Betrayal: Leaving us Furious

Anger, possibly even rage is pretty much inevitable on this journey. I devote many pages of Beyond Betrayal to examples of survey respondents’ (and my own) anger, and our reactions to it (usually guilt). And while our anger is very frequently pathologized—by therapists, "him," the church, family—is it possible for it to be a healthy part of this journey? I've come to think it can be.

Healing anger

This light-bulb moment came for me when reading Shattered Soul: Five Pathways to Healing the Spirit after Abuse and Trauma by Patrick Fleming. Fleming encourages us to see what has been done to us as akin to the desecrating of the temple in Jerusalem in the time of Jesus. By joining himself with other women (either physically or mentally/emotionally), our husband has desecrated the sacredness of our temple.

Remember Jesus’ response (Gospel of Mark) to seeing his Father’s house desecrated? Can we wrap our heads around the fact that He is angry at seeing our temple (1 Corinthians 3:16-17) desecrated as well? The covenant made with us broken and treated as worthless?

If God is angry about it, then we can join with His anger. When we do, this is just anger. And as Fleming writes:

“Anger has a voice which needs to be spoken and heard. If it is just anger – and eventually, anger tempered with mercy and love – anger’s voice can be the voice of God crying out against injustice and the profaning of the temple. If you join with God’s anger at the abuse, if you allow your anger to come forth, you begin to reclaim the sacredness of your personal temple: body mind, and soul. When you tap into your anger about the abuse and focus it on the abuser, you align your anger with God’s and with God’s anger you shout to the heavens:

‘I am God’s precious child and a magnificent person of value. I am not bad, wrong, dirty or defective. Rather what you… did to me was wrong and sick… You took advantage of my vulnerability, my innocence and my trust...  you made me feel worthless, desecrated, of no value.’”

When we tap into this kind of anger it can heal and strengthen us. As one 2014/2015 survey respondent wrote: "I have used the anger... to move me to action... I have hope for my future."

Moving forward

But how do we know for sure that our anger is just? One clue is to look at where it’s directed.

Appropriately directed anger is originally focused on the one who abused their relationship with us. As we heal, it will be directed at his behavior.

Common, but inappropriate, directions our anger may take include the children, other family members, those speaking up about the behaviors, ourselves, etc. There may be some small space for anger at the “other woman” (or man) especially in those cases where she was in relationship with us, but generally speaking, our anger would be better focused on the system (e.g., porn industry, sex trafficking industry, our sexualized culture) that created them. God’s just anger, I suspect, smolders against these systems continually.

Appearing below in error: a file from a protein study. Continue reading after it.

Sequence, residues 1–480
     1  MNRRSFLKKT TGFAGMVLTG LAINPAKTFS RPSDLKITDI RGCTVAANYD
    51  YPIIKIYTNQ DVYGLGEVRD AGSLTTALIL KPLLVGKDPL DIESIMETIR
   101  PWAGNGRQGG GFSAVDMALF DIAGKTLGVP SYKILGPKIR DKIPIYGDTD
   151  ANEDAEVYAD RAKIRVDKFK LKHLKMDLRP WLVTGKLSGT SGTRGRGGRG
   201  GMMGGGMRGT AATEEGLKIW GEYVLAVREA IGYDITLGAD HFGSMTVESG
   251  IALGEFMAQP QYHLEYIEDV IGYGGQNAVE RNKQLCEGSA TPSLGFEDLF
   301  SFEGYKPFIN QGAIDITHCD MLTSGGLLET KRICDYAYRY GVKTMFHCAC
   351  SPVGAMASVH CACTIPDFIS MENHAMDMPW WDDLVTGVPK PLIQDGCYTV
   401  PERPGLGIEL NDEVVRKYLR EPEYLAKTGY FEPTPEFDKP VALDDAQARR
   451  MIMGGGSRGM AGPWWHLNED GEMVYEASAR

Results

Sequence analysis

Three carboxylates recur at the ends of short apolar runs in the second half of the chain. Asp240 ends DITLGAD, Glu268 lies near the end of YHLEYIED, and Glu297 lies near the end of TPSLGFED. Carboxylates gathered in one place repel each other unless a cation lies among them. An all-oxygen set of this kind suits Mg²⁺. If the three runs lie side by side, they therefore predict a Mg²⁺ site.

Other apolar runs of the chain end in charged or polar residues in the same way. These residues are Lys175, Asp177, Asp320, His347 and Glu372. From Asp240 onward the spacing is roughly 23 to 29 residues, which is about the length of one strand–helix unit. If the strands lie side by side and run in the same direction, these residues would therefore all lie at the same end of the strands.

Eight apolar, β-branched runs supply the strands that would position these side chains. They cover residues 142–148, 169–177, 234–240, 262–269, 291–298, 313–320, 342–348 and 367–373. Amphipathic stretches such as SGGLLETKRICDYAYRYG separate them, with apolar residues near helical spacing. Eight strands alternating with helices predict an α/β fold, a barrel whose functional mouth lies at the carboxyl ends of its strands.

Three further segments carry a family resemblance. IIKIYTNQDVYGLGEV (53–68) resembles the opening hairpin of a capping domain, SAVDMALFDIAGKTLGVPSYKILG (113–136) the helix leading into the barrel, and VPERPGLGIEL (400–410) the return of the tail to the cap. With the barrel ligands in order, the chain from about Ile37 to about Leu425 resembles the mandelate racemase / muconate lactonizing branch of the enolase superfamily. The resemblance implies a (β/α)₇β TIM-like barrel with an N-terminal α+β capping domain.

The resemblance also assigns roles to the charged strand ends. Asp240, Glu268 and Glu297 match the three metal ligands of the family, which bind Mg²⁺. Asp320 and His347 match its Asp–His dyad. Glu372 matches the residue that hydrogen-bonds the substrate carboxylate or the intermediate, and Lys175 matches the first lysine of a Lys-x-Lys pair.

Another clue that we have joined God in just anger is that its fruits in our lives are helpful: not destructive. Does our anger move us toward ongoing vengeful thoughts? If so, Fleming points out we are creating a poisonous tie between the one who hurt us and ourselves.

He adds, “Anger often comes with the desire for revenge or that your offender would suffer some evil or pain. However, … [in time it should be] focused on the life-giving satisfaction of knowing that [you] have overcome the evil…”

What to do with anger

Anger tends to seek a physical release. As suggested above, many of us have found a release that wasn't in line with our values... only to regret it. Here are some suggestions for more appropriate ways to release that anger (many thanks to colleagues and clients who have helped me develop this list from their own experiences):

  • Make an anger box and then show and explain it to a friend/therapist
  • Take a texbook, open to a random page, start ripping in large sections
  • Grab a tennis ball, find a blank outdoor wall, start throwing as hard as possible
  • Take some unloved dishes/crockery out to the garage, don safety gear (goggles, gloves, boots, long sleeves/pants), smash on the concrete floor
  • Take that 17-year-old bottle of aftershave he's never used out to the garage, put on the safety gear, find a hammer (sledge works well)... fire away.

What often follows a physical release of anger is movement towards the tears that have deep power to heal.

The Enemy

At first our anger will be directed at our husbands. Next it will move to his behavior. As further healing takes place, it becomes easier to perceive that our husband (or ex-husband) is not the enemy. The Enemy is the enemy.

The Enemy is worth being angry at. To be angry at him is to join in God’s righteous anger. And from there?

Well, we’ll have to be on the lookout for any tables He might like us to overturn.

For those of you who have experienced relational abuses and domestic violence with your SA spouse, it is particularly important that you get help directing your anger so that it will not result in an incident of violence. If this is you, please consider reaching out to a local therapist or the team at Naked Truth Project.

Whether or not you have experienced domestic violence (DV) in your relationship, please consider giving 10-15 minutes of your time to do my Masters research survey on parterns of sex addicts and DV. This is the last week to participate.

This article was written by:
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Lisa Taylor

Lisa is a PSA trauma survivor, counselor and award-winning author living with her kids & recovering husband in New Zealand. She runs groups and sees international clients via Naked Truth Recovery.


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